Interviewing is a critical and common part of any job search experience, and students interested in working in classroom teaching post-graduation are no exception.
Depending on the size of the school district to which you are applying, your initial interview may be with an administrator from a specific school or with a personnel director for an entire district. In either case, your strategy in preparing for the interview will be similar, although an interview in a personnel office is likely to be a shorter screening interview.
What is your philosophy on classroom management?
School administrators want to know that you will be able to keep your classroom under control. Philosophies regarding classroom management also vary widely, and the interviewer will be interested in whether your particular philosophy of discipline is compatible with the school’s. For example, if you’re interviewing for a position in a school that places a great deal of importance on positive reinforcement, the interviewer will be looking for evidence that this is at the heart of your classroom management techniques.
When talking about classroom management, be honest about the way that you plan to deal with behavioral problems. You may be asked about how you handle specific scenarios, such as a student bullying another student. Make sure to have a disciplinary plan that consists of several different steps. This way, if the interviewer asks, “If that doesn’t work, what will you do?” you’ll have a ready answer.
It’s also important that your classroom management plan include preventative strategies. For example, you may want to stress the way that your organizational systems reinforce order in the classroom. Interviewers will look for evidence that you see classroom management as something that extends beyond discipline.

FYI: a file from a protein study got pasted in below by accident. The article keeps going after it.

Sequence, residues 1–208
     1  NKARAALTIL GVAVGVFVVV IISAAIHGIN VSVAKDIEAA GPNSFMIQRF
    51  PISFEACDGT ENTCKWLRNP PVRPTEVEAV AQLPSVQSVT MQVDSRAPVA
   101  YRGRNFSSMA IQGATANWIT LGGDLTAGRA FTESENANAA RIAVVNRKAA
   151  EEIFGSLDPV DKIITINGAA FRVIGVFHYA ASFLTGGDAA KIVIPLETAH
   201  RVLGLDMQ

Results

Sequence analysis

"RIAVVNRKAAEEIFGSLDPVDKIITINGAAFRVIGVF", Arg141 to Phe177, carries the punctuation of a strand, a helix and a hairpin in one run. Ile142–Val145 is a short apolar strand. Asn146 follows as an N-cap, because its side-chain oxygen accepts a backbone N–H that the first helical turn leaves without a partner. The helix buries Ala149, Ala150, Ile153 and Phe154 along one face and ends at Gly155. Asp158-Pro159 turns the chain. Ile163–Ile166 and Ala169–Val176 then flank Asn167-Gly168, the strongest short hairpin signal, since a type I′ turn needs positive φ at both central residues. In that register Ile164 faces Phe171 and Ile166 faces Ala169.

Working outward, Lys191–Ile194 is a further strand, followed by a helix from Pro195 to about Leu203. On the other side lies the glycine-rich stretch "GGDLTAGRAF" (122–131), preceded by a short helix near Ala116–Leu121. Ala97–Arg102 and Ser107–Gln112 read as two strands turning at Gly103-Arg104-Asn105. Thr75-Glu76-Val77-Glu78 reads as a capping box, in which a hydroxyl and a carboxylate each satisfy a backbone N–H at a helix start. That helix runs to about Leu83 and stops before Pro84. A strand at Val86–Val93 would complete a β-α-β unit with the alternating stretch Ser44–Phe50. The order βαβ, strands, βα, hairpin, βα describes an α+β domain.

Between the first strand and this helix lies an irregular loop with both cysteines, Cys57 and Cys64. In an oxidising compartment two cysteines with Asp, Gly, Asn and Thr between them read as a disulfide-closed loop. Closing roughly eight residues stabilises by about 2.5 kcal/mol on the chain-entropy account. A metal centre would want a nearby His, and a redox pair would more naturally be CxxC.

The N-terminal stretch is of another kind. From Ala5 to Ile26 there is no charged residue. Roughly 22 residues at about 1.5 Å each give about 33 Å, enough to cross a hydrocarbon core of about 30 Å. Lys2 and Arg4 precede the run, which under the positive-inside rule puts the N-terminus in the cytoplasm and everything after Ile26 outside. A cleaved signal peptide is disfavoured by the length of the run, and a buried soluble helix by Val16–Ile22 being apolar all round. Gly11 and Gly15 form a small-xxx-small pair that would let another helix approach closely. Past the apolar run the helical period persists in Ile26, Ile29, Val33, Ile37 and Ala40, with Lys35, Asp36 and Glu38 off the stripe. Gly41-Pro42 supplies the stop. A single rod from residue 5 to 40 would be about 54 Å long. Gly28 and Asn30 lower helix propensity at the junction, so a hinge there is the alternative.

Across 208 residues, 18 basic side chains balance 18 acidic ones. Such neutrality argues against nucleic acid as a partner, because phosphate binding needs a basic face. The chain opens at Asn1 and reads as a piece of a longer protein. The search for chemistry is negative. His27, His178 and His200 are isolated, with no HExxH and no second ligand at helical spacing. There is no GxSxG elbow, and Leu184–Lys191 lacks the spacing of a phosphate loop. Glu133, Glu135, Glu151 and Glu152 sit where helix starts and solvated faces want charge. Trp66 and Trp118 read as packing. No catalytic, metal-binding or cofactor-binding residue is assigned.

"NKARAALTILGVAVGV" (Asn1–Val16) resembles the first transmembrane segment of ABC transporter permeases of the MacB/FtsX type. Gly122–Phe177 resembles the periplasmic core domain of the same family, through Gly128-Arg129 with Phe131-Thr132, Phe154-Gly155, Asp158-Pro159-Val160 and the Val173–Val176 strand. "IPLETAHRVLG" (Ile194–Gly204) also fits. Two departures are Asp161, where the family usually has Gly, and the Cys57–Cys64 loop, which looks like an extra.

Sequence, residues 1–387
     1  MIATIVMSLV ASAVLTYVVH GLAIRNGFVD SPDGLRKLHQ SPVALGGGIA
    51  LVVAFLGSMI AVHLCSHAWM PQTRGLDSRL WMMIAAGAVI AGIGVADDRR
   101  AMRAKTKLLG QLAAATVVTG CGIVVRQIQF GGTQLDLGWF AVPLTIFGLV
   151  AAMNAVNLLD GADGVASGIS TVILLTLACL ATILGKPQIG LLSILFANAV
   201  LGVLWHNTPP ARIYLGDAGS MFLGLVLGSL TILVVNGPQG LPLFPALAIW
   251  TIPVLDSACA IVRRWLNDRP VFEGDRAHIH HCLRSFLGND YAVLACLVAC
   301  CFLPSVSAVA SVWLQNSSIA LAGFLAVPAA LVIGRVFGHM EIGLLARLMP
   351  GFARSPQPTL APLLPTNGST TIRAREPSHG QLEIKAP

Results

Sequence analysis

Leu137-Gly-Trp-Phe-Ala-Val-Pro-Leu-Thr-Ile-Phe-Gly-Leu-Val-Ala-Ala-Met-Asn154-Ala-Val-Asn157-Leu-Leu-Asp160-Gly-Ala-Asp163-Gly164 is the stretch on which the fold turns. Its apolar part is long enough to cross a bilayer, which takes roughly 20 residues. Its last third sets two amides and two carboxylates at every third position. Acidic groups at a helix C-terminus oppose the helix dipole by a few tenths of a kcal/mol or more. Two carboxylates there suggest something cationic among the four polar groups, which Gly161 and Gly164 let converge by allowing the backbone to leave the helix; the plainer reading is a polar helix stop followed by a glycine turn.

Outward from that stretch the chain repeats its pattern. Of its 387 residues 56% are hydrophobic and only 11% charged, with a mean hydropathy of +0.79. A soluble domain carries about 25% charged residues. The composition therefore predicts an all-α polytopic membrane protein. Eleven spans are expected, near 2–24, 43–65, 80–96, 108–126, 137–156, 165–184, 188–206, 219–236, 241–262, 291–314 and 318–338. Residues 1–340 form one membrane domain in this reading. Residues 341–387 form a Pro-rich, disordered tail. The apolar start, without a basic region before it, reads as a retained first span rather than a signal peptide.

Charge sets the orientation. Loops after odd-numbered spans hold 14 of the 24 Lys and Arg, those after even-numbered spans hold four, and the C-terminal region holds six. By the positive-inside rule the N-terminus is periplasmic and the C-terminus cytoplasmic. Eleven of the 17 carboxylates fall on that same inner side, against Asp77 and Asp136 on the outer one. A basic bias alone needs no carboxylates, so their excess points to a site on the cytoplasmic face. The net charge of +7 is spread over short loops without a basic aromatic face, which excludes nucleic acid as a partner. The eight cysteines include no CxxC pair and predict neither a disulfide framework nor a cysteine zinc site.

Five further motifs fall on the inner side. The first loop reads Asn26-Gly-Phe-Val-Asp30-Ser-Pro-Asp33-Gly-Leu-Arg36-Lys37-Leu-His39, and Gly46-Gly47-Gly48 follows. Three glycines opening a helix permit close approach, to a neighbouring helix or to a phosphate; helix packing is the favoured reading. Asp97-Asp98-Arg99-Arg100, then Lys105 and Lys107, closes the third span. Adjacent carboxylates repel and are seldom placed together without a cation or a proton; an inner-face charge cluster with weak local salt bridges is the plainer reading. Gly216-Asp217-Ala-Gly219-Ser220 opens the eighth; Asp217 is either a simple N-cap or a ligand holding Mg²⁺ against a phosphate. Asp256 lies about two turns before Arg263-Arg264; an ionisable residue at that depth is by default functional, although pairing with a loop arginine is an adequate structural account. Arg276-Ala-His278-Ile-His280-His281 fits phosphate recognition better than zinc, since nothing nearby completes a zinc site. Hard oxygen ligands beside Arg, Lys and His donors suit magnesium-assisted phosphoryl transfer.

How do you plan to communicate with parents?
When answering this question, be sure to address the variety of different circumstances under which you may communicate with parents. These may include sending out student progress reports, calling parents of students who are having academic and/or behavioral problems, and dealing with complaints from parents. Be sure to let the hiring committee know that you are willing to work with parents—even parents who are unresponsive or difficult—in a positive, constructive way.
How do you address the needs of students with different learning styles and abilities?
The importance of differentiated instruction is a hot topic in education; it is also something that many teachers find difficult. Therefore, principals actively seek out teaching candidates who are able to support struggling students while at the same time challenging students who are performing at an advanced level.
How do you assess your students’ understanding of a given concept?
The way you reflect upon your success in the classroom is critical. An interviewer wants reassurance that you are able to tell whether or not your students “get” a given concept. Therefore, you should be prepared to describe the evidence of understanding that you look for in your students, as well as how you use student performance on tests and projects as a way of assessing your own progress as a teacher.
What strategies do you use to motivate and engage your students?
Interviewers want evidence that you will make it a priority to inspire and motivate your students by tapping into their interests and giving them opportunities to feel successful and valued in your classroom.
This post was adapted from the Vault Career Guide to Education, by Vault Careers.